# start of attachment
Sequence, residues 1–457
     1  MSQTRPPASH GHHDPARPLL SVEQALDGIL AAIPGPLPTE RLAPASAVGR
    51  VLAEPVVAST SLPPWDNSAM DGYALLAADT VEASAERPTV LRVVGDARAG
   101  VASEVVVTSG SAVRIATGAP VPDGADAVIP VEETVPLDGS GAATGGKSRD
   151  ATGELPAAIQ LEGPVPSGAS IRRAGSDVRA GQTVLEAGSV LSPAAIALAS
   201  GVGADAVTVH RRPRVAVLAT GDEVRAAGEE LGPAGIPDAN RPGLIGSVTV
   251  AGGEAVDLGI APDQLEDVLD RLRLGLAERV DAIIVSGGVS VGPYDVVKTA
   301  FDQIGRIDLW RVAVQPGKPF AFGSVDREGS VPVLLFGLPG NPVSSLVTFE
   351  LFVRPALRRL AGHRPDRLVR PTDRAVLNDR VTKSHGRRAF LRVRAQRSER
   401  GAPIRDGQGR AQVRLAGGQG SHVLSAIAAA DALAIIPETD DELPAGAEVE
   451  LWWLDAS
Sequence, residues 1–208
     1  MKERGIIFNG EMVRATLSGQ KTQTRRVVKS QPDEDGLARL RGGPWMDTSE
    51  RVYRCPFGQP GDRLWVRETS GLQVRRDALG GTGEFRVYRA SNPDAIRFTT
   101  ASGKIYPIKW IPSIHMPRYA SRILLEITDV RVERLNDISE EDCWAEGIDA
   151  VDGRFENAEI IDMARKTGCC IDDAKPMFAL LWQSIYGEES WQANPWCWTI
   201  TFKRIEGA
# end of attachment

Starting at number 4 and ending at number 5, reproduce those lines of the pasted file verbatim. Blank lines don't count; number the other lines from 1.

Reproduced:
   101  VASEVVVTSG SAVRIATGAP VPDGADAVIP VEETVPLDGS GAATGGKSRD
   151  ATGELPAAIQ LEGPVPSGAS IRRAGSDVRA GQTVLEAGSV LSPAAIALAS